Art Tackles Ugly Side of Golden Gate Bridge

Suicide exhibit opens Thursday

A reception will be held Thursday night to promote an art exhibit in San  Francisco's Presidio that consists of shoes meant to represent the hundreds  of lives lost to suicide at the Golden Gate Bridge.

The exhibit, titled "Whose Shoes?," aims to draw attention to the  number of suicides that occur on the bridge. Some of the shoes in the exhibit  belonged to suicide victims and were donated by family members; others are  not victims' shoes but were brought by volunteers for the project.

"What the exhibit does is dramatically represent the grief and  pain and shock of a suicide," said David Hull, president of the nonprofit  Bridge Rail Foundation.

The foundation was initially formed to advocate raising the rail  along the bridge's pedestrian access areas, but now focuses on public  education activities to prevent suicides.

Hull, whose daughter committed suicide by jumping from the Golden  Gate Bridge, said the impact of suicide "goes far beyond the person lost. It  impacts a number of people, and part of the function of the exhibit is to  represent that loss."

There have been more than 1,300 confirmed deaths, along with many  unconfirmed ones, since the bridge opened in 1937.

The Marin County coroner's office reported in January that at  least 34 people took their own lives in 2008 by jumping from the bridge.  David Foehner, an investigator with the coroner's office, said there have  been at least two more suicides already this year.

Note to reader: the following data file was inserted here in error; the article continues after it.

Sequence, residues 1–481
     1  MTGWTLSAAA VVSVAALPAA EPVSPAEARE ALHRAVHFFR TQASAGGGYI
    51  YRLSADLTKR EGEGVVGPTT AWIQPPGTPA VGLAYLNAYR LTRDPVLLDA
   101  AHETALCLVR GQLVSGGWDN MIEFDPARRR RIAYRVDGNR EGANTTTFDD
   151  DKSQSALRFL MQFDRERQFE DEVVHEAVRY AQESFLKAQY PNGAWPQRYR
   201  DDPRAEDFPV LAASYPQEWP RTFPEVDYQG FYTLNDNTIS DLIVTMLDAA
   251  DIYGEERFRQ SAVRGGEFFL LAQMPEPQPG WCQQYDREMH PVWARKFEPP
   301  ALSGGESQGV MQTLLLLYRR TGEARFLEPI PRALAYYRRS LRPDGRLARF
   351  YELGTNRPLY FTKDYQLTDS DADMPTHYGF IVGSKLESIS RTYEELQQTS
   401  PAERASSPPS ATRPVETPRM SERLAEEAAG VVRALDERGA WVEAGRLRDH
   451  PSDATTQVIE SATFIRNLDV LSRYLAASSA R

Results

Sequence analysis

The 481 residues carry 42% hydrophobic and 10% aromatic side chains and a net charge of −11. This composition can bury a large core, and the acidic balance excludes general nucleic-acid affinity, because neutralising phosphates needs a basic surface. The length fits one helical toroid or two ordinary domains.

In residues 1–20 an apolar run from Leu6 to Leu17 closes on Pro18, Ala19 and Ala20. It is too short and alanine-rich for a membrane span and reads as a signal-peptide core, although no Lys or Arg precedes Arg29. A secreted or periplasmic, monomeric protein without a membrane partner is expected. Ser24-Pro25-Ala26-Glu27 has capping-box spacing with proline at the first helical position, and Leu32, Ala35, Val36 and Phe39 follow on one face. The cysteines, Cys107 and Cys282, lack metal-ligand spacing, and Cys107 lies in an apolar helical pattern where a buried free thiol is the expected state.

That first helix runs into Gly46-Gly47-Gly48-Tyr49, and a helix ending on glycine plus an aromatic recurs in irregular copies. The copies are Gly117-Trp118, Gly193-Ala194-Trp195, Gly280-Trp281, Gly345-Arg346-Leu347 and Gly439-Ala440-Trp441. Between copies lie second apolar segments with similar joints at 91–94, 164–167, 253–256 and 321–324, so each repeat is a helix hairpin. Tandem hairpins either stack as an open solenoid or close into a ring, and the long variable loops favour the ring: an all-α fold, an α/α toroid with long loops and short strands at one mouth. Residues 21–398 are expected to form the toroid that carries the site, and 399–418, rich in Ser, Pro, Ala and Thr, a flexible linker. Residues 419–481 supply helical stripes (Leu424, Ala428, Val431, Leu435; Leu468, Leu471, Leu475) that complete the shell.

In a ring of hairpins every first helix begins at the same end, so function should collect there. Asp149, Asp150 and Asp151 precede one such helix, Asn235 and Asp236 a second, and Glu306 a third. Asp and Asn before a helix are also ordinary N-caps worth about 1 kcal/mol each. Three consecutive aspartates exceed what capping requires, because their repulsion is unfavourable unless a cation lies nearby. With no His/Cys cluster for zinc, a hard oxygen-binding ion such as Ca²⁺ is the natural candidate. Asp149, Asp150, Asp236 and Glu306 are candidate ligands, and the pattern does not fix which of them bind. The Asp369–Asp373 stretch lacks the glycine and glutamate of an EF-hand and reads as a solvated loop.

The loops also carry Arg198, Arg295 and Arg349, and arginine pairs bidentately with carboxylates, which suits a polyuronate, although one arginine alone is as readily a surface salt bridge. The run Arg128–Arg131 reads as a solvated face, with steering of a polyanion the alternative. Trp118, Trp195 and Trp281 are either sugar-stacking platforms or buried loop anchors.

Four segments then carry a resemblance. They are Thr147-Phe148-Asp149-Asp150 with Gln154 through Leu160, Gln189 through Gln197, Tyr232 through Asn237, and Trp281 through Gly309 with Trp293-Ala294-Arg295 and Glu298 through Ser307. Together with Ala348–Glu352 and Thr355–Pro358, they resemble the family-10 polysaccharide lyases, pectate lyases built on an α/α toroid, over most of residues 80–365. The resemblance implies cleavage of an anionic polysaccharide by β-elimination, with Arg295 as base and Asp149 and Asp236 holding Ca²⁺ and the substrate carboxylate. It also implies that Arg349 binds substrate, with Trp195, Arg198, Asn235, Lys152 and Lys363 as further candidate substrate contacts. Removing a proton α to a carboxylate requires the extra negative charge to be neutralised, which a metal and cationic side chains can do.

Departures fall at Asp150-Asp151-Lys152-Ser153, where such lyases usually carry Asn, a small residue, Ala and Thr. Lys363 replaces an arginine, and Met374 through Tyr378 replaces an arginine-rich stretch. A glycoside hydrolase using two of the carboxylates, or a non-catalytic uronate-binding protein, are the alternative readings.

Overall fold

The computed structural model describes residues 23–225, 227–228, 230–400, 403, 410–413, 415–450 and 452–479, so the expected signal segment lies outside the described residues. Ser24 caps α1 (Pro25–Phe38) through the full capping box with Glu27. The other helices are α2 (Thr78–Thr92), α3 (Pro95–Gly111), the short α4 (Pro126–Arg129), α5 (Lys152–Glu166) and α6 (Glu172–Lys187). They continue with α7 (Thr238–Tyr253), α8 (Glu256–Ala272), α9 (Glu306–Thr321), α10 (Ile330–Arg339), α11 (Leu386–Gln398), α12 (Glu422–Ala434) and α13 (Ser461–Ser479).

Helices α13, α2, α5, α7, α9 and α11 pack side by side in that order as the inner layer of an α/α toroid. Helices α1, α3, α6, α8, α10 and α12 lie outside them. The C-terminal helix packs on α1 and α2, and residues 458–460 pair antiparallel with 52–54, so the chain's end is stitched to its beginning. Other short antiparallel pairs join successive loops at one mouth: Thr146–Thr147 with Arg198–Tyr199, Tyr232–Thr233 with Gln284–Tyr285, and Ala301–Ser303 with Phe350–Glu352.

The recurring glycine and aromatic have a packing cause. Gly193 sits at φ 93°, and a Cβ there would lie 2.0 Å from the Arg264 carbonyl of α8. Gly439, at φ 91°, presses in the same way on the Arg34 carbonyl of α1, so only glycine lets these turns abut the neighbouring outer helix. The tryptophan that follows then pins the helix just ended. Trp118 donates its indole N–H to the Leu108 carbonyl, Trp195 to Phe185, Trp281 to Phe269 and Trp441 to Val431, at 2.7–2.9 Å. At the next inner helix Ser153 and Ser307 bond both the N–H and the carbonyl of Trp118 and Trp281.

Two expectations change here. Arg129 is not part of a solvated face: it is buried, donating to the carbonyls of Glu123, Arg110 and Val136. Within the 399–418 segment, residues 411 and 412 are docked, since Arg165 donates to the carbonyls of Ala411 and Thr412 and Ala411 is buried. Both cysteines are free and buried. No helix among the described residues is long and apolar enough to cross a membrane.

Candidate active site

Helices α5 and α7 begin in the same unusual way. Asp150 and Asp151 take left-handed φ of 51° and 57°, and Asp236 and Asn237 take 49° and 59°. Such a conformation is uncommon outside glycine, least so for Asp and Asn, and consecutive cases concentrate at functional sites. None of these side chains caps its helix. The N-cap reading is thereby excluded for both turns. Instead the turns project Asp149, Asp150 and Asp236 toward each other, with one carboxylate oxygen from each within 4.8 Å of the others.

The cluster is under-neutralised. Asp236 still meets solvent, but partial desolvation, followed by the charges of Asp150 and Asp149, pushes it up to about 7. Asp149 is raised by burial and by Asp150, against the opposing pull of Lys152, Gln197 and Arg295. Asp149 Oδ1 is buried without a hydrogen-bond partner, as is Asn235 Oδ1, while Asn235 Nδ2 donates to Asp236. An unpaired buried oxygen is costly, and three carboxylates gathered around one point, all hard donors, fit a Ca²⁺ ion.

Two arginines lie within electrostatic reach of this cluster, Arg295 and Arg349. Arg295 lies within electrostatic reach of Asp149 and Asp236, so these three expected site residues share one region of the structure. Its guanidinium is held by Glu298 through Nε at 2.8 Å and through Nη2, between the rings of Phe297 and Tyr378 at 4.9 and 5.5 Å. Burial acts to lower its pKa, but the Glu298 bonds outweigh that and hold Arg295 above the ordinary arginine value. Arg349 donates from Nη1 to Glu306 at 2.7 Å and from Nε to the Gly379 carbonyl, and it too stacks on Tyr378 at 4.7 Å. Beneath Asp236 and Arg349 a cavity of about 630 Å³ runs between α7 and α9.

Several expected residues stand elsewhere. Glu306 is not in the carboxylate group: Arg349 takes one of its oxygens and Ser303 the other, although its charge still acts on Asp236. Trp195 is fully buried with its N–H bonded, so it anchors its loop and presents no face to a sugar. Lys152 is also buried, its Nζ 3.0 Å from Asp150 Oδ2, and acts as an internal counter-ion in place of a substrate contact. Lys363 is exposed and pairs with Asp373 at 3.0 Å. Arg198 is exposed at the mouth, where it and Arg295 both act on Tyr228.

In October, the bridge district approved the installation of a net  below the bridge to prevent suicides.

The foundation put together a similar exhibit in Crissy Field in  September and participated in a walk called "Out of the Darkness" sponsored  by the Northern California chapter of the American Foundation for Suicide  Prevention.

Hull said that through the shoe exhibit and other outreach  efforts, he hopes that "the age-old misunderstanding of suicide as inevitable  is fading under new empirical data that proves that most suicides are, in  fact, preventable."

He cited a 1978 study by Richard Seiden of University of  California at Berkeley that found that since the bridge opened, of all the  people who had attempted suicide but were stopped or survived the fall from  the bridge, 94 percent were still alive or had died of natural causes.

The exhibit, which is free to the public, opened on Feb. 19 and  will remain until April 16, according to the foundation.

Thursday night's reception will take place at 7 p.m. at the Thoreau  Center for Sustainability at Presidio Building 1014 near the intersection of  Lincoln Boulevard and Torney Avenue.

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